Up until now everything that’s been offered here has been somewhat traditional in structure. Although law school graduates ten years ago may not have had to necessarily work as hard to find jobs as one does today, not only does our generation of law school grads have to go to the jobs, we also have to distinguish ourselves from our peers in order to succeed in our search. Traditionally, grades were the end-all-be-all for potential employers in the legal field. The guys that graduated at the top of their classes went to work for Big Law and the ones at the bottom of the class went to work in small general practice firms (It’s a gross over-exaggeration to be sure but you get the picture). Today that is no longer the case. Law school students have to not only maintain decent grades, but they also have to heavily network while they’re still learning constitutional law!

Getting your name in front of people that can potentially help you find gainful employment is crucial. This is one of the places that we have an inherent advantage. Thanks in large part to social networking sites such as Twitter, Facebook, and LinkedIn it is now easier than ever to build meaningful relationships with people in your targeted field of law.

You have to go to them, though. For the most part, potential hiring attorneys that utilize social networking sites do so for a reason – they want to network too! Give them a reason to take interest in you. If they have blogs about their practice areas follow the blog and ask questions. Show them that you are genuinely interested, and they will take an interest in you more often than not. Such connections could prove valuable for generating leads for potential job openings when the time comes. Additionally, if the economy or where you want to locate makes the job opportunities nearly impossible for you, you will have laid the networking foundation for starting a solo practice – one of the most important and valuable tools for kickstarting and growing your firm.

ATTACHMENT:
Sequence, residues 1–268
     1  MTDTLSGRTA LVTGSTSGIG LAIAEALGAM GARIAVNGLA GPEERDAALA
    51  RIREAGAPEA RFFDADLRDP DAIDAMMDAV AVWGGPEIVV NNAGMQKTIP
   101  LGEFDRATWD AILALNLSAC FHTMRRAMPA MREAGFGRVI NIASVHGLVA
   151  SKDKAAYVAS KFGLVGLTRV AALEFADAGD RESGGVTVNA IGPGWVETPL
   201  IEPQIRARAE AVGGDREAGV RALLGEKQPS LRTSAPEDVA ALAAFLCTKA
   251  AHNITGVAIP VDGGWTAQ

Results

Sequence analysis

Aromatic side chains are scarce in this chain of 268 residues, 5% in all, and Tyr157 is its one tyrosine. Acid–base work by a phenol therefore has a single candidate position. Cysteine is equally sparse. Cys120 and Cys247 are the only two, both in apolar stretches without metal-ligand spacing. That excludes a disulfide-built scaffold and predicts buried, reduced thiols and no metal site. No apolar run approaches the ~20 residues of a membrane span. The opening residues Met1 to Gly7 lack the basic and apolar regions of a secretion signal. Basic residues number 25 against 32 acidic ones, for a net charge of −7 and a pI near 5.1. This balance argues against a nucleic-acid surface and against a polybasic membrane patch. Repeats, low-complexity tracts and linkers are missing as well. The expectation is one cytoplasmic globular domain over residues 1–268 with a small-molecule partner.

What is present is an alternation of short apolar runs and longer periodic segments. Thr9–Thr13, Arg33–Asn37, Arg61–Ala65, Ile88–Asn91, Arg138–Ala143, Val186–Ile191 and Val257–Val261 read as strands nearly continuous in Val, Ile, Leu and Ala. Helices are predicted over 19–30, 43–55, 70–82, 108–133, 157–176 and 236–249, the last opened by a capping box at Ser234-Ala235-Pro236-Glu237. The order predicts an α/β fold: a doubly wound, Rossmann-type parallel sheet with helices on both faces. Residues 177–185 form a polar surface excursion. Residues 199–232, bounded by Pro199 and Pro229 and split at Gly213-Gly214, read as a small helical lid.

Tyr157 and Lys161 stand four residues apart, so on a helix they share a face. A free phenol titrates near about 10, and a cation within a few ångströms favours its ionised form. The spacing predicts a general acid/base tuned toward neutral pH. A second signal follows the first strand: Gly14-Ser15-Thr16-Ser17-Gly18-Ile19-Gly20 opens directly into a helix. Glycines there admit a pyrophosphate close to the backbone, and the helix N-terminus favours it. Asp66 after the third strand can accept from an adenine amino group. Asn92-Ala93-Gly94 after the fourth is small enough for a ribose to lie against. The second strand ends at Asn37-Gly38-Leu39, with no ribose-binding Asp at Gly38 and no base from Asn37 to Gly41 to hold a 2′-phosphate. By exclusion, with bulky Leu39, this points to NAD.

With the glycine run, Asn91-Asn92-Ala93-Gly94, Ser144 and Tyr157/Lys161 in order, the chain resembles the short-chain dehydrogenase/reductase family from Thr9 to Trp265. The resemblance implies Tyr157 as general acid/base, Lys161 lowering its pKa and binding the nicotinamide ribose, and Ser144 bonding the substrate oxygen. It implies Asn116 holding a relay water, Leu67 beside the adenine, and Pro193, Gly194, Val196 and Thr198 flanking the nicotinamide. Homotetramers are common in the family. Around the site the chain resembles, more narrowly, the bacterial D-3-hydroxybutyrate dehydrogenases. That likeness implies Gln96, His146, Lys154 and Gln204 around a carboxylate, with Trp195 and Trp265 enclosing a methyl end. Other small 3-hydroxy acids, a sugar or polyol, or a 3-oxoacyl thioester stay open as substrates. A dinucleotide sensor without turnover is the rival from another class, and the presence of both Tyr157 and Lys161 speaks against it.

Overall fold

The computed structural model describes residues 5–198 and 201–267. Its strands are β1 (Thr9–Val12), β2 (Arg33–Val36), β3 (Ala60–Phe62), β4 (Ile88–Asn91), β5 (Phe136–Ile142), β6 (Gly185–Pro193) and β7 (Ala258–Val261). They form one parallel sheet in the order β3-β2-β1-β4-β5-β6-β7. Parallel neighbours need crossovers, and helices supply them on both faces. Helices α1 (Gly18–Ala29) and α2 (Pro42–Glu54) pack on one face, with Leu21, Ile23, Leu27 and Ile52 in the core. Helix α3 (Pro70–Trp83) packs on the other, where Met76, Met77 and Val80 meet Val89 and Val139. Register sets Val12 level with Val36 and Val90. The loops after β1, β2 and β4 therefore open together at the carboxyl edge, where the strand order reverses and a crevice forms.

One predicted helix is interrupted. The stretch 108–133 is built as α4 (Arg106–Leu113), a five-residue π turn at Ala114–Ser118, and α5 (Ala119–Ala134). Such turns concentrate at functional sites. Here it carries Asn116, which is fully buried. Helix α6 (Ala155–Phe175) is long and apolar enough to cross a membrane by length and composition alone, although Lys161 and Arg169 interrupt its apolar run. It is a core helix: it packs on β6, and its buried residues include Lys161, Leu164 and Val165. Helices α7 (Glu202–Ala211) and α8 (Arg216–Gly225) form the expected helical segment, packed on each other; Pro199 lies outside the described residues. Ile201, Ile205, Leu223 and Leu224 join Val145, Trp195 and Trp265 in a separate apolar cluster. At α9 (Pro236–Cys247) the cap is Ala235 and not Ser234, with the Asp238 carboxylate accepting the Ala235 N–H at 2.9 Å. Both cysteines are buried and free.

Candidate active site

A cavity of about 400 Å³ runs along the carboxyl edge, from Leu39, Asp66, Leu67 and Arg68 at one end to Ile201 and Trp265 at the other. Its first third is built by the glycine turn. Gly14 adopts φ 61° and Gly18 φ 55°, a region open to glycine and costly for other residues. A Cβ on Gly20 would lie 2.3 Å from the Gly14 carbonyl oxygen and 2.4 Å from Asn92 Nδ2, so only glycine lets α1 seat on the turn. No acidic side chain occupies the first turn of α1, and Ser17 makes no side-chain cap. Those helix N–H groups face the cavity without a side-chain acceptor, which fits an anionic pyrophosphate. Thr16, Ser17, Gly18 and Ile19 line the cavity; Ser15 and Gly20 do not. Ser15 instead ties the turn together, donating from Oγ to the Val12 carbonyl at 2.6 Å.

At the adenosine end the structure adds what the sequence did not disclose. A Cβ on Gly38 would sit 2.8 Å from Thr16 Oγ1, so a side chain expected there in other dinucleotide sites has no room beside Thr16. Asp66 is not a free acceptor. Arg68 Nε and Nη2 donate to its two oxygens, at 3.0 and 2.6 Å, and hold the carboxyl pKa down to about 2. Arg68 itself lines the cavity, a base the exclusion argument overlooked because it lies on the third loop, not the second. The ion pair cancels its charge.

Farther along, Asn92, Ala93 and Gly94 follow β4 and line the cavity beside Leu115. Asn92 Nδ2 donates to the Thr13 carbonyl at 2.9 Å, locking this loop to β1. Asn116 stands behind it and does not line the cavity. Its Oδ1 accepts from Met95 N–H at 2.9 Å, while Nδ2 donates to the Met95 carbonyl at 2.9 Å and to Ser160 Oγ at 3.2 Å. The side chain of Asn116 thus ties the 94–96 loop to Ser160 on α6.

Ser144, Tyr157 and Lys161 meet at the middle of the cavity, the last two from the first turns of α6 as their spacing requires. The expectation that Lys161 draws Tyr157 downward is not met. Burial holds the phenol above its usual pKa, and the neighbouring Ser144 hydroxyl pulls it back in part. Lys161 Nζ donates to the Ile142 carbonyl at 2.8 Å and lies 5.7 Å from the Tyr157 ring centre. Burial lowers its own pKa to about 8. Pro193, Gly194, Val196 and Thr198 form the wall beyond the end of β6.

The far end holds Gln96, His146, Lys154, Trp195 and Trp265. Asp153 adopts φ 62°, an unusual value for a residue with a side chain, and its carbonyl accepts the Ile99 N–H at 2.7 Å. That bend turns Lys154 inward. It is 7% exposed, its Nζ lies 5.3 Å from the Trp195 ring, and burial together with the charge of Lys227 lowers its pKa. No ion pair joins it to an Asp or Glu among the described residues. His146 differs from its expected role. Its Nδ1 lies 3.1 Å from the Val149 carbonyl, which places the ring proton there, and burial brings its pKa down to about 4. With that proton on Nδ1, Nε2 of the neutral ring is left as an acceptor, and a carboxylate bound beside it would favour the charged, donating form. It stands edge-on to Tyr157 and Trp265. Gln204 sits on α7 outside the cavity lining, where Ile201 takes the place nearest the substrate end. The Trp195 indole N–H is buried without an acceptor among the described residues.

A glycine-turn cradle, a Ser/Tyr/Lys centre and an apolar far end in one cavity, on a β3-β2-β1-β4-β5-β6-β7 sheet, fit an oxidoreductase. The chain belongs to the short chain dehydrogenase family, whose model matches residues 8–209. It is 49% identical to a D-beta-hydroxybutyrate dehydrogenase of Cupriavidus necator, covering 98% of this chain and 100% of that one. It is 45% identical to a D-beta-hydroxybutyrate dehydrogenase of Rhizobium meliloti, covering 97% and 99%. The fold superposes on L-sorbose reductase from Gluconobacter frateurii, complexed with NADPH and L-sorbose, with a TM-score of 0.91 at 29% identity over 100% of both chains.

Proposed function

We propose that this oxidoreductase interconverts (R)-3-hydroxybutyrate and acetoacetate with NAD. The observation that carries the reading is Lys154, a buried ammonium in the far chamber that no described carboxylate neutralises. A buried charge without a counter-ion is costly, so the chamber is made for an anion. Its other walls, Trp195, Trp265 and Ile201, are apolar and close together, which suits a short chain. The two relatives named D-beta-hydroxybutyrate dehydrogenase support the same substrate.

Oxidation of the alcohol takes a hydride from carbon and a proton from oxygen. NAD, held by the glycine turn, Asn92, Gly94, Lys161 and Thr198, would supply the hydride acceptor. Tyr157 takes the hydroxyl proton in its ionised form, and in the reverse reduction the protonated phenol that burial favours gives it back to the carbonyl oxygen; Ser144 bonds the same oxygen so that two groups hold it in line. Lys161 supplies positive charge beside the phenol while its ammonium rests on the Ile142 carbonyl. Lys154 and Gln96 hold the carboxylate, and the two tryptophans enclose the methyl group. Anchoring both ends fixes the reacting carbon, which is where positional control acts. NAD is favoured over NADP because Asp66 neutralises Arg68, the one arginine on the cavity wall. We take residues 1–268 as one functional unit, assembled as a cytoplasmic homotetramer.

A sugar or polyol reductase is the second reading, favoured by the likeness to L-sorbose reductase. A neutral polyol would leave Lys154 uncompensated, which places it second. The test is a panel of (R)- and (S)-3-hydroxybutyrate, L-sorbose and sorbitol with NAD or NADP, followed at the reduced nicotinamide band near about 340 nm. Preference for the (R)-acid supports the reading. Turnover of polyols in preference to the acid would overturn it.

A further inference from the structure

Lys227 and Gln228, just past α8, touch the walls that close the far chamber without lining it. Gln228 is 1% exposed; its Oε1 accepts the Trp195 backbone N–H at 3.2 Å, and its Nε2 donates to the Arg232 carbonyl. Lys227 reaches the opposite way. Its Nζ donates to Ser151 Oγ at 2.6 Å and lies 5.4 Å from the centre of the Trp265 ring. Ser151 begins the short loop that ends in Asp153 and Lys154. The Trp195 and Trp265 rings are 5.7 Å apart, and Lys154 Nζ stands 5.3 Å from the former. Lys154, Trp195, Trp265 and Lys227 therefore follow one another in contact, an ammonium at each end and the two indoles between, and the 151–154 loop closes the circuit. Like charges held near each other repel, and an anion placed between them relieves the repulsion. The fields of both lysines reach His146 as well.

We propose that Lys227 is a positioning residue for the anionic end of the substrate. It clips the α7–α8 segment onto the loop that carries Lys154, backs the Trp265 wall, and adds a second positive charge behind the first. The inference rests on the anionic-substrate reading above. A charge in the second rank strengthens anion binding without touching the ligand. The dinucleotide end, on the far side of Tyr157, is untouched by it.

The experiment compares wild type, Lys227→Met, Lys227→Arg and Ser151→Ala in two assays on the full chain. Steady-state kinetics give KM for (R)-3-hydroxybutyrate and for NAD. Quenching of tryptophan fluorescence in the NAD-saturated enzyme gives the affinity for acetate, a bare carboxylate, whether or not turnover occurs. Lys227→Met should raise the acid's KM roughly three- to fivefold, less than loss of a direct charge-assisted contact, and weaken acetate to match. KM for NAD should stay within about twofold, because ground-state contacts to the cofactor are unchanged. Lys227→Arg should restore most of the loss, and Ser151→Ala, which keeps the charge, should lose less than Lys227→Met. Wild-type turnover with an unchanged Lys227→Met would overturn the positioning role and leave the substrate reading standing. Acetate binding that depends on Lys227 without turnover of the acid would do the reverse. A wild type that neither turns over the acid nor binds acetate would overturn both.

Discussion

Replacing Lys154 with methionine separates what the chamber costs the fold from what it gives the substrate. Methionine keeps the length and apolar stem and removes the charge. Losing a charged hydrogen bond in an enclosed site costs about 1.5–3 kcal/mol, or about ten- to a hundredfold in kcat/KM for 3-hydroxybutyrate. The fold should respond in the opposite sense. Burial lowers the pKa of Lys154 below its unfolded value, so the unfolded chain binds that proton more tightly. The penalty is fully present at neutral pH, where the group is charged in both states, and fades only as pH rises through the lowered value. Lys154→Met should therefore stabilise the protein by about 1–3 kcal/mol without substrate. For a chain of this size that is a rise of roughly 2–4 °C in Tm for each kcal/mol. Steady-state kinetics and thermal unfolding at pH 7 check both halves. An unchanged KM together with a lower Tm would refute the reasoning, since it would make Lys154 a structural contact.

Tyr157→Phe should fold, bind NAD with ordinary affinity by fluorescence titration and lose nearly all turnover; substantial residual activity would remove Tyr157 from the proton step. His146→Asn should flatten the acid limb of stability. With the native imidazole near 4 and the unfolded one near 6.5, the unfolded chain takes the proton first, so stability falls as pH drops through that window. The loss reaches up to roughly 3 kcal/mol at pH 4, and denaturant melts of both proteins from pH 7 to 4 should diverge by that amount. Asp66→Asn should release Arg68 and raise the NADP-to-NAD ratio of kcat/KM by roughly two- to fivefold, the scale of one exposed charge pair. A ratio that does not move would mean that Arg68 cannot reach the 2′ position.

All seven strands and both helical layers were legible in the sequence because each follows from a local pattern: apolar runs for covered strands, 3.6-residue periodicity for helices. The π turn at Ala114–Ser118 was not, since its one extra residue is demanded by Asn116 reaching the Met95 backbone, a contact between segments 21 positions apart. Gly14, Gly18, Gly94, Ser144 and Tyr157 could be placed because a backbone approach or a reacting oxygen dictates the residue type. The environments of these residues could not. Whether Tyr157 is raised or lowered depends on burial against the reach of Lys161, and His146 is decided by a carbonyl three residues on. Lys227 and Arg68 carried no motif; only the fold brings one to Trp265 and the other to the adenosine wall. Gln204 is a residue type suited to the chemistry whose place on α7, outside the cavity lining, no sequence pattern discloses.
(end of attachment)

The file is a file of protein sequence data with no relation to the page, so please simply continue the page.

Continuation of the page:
Networking isn’t a one way street. It must be reciprocal to keep the other person interested. In my own experience networking through social media sites have lead to collaborations with people in the legal field on writing articles and conducting research for them.

Law school students should also consider the use of blogs. Blogging isn’t for everyone, but it can be a very useful tool in distinguishing yourself from competitors in the job market. If you do blog, then your postings needs to show potential employers who you are as a person, more importantly it needs to reflect that you are someone who can add something positive to their practice. Recently, in my own blog I have had 1L’s turn to me for help with preparing for exams. In response I wrote a post geared towards exam tips for 1Ls and have received a fair amount of positive feedback. Show your potential employer’s that you’re not talking just to talk; show them that you are someone who gives valued advice and people feel comfortable turning to for advice. Your posts do not have to be entirely professional in nature; you can mix it up with personal postings too. But be careful with what you’re posting. I’ve noticed a disturbing trend of law school students playing fast and loose with their social media accounts. I think an important rule of thumb here is to ask, “Is this something I would feel comfortable talking about with a potential employer in an interview?” If the answer is ‘no’, then you probably shouldn’t post.